repeal the authority if this should appear to be desirable.
When the collateral provisions for Federal Reserve notes were first
formulated there were practiqally no Government securities in the



market; member banks had a large volume of so-called eligible commercial paper, and were expected to borrow on that paper when they
required additional reserves or currency. The situation has radically
changed since then. There is now an enormous public debt which
constitutes a large part of the earning assets of member banks; the
total volume of eligible paper has declined, and many banks have
practically no such paper. Banks are also reluctant to borrow from
the Reserve banks and, if they should borrow in considerable volume,
this would result in a tightening of credit conditions with disturbing
effects on the price of Government securities. Furthermore, if they
borrowed, they would borrow on their promissory notes secured by
Government obligations. Consequently, what would be back of the
notes would still be United States Government securities—but with an
endorsement by a member bank. Surely an obligation of the United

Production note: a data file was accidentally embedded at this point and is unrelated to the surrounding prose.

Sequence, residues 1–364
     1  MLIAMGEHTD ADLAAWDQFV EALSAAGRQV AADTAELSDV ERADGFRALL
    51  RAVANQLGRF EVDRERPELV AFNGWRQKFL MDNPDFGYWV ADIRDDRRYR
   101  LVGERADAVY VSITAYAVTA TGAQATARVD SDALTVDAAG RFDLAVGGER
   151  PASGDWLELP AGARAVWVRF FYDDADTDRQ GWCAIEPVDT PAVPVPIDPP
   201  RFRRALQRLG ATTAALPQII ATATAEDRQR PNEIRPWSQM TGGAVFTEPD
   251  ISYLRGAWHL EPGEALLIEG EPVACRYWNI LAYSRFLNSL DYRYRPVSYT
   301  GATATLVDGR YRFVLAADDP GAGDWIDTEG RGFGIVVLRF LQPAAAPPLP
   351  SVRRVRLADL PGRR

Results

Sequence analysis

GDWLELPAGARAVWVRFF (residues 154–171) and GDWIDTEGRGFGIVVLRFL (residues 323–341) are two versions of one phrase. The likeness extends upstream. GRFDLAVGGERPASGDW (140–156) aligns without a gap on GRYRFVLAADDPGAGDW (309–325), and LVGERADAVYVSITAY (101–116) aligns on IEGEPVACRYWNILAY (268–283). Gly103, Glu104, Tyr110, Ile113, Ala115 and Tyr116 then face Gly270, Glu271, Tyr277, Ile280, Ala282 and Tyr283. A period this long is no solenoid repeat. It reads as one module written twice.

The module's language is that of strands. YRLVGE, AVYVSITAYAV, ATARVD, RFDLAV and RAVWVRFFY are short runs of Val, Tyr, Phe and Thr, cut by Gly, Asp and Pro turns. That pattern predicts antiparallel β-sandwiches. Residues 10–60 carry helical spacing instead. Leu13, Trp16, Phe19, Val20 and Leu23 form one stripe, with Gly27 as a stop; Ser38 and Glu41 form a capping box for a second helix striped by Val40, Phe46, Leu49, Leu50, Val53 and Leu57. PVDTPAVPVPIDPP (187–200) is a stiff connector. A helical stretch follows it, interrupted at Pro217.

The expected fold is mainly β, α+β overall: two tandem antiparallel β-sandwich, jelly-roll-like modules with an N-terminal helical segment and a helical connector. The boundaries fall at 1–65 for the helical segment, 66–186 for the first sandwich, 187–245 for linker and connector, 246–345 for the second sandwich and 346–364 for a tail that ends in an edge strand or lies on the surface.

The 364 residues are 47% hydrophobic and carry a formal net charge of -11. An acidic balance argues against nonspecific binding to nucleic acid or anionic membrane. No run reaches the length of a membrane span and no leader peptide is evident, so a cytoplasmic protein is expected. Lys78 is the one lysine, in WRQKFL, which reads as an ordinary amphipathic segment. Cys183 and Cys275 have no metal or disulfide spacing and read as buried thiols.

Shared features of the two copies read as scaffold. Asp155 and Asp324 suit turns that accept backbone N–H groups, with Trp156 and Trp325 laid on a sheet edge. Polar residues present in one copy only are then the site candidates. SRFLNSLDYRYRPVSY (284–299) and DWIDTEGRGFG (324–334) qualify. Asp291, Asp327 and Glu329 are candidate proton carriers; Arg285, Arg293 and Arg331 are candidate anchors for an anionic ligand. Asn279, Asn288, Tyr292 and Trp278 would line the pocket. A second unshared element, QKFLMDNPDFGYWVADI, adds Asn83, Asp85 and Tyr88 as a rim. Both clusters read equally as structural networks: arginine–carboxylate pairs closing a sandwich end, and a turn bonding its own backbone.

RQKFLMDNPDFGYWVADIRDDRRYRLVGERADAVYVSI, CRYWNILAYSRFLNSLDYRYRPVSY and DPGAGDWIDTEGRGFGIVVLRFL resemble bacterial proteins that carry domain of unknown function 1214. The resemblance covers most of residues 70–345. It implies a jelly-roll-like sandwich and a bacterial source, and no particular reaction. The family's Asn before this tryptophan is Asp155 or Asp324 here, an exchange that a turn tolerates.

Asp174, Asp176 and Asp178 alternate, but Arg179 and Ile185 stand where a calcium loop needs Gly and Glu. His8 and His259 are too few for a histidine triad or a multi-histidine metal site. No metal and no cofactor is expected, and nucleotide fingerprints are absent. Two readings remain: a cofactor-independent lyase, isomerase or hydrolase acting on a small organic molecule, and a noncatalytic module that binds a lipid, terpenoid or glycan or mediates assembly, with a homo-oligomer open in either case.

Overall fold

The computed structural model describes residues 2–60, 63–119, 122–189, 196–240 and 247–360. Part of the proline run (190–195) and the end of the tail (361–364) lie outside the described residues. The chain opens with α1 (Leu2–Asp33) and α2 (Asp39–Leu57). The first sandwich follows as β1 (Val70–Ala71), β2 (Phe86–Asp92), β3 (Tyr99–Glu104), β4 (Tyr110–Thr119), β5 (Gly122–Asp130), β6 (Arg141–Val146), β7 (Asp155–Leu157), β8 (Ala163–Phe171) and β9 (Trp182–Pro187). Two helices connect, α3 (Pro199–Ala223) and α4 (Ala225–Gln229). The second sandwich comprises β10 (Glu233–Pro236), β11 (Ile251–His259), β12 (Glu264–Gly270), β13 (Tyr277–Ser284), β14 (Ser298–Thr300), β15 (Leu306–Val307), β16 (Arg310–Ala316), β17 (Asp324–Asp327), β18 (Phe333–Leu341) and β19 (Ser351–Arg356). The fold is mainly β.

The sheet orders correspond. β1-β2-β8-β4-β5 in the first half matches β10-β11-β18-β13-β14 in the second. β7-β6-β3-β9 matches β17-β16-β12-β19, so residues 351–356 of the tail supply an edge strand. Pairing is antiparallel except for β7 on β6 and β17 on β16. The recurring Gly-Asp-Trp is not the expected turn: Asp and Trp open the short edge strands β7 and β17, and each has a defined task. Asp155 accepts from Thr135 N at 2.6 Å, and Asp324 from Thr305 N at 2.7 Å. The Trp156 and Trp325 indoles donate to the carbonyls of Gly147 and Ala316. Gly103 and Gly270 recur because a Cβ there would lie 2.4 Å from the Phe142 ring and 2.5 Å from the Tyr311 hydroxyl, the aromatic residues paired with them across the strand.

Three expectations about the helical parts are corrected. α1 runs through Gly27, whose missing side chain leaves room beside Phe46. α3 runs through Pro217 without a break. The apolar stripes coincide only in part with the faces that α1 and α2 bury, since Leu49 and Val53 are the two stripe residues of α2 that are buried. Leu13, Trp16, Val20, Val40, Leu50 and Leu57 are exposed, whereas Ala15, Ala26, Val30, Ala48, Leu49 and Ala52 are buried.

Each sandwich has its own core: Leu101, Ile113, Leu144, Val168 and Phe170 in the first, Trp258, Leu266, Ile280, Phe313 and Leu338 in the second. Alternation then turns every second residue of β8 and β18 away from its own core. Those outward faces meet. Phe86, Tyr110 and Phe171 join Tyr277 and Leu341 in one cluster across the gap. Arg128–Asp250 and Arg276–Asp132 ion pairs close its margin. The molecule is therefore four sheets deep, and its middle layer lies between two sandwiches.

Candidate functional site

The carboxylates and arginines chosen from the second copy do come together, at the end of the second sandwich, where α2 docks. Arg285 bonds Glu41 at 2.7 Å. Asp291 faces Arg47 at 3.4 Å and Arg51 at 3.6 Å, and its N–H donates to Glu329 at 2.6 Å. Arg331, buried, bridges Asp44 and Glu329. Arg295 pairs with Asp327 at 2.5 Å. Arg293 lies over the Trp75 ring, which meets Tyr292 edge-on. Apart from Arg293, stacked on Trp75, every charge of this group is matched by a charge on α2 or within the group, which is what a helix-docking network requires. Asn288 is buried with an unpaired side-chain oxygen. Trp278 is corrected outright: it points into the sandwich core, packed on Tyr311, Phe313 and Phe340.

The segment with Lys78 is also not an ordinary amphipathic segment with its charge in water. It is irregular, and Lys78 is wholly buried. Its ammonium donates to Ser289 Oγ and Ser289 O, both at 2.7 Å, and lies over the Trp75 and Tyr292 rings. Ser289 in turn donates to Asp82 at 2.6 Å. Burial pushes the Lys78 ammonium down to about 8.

States Government is not improved in credit standing by endorsement
of some member bank.
Collateral requirements are not an effective limitation on credit
expansion by the Federal Reserve banks. Open-market operations
of these banks are governed by considerations of the public interest
and not of Federal Reserve bank earnings. When the Reserve banks
purchase United States Government securities they pay for them by
deposit credit. Once these deposit liabilities have been incurred the
Federal Reserve banks are obliged to permit their withdrawal in currency. The public demand for currency, in turn, depends on business
conditions, activity of trade, the volume of wage payments, the price
level, and the extent of the people's will to hold their liquid assets in
the form of cash rather than bank deposits or Government securities.
Member banks, to avoid insolvency, must permit their customers to
withdraw their deposits in currency; Federal Reserve banks in turn
must permit the member banks to obtain the currency by drawing on
their balances with the Reserve banks. Consequently, the Reserve
banks have no choice in the matter because they have no "control over
the demand for currency. It serves no useful purpose to encumber
these unavoidable operations by legal restrictions which inevitably
must give way as soon as they would actually restrict.
In any case Federal Reserve notes have a prior lien on all assets of
the Federal Reserve banks and are obligations of the United States
Government. Segregation of special assets of the Federal Reserve